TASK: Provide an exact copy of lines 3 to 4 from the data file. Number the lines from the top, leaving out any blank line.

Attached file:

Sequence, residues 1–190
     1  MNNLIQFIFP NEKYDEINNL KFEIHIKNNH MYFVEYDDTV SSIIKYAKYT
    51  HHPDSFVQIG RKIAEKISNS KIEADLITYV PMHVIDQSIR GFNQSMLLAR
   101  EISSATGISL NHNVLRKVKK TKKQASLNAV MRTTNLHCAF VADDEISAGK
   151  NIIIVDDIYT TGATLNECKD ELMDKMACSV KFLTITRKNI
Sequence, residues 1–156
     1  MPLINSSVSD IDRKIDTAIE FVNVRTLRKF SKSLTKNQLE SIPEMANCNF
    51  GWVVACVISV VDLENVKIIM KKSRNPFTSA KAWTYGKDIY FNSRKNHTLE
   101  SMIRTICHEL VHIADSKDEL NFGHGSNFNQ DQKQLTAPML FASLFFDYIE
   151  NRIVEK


    51  HHPDSFVQIG RKIAEKISNS KIEADLITYV PMHVIDQSIR GFNQSMLLAR
   101  EISSATGISL NHNVLRKVKK TKKQASLNAV MRTTNLHCAF VADDEISAGK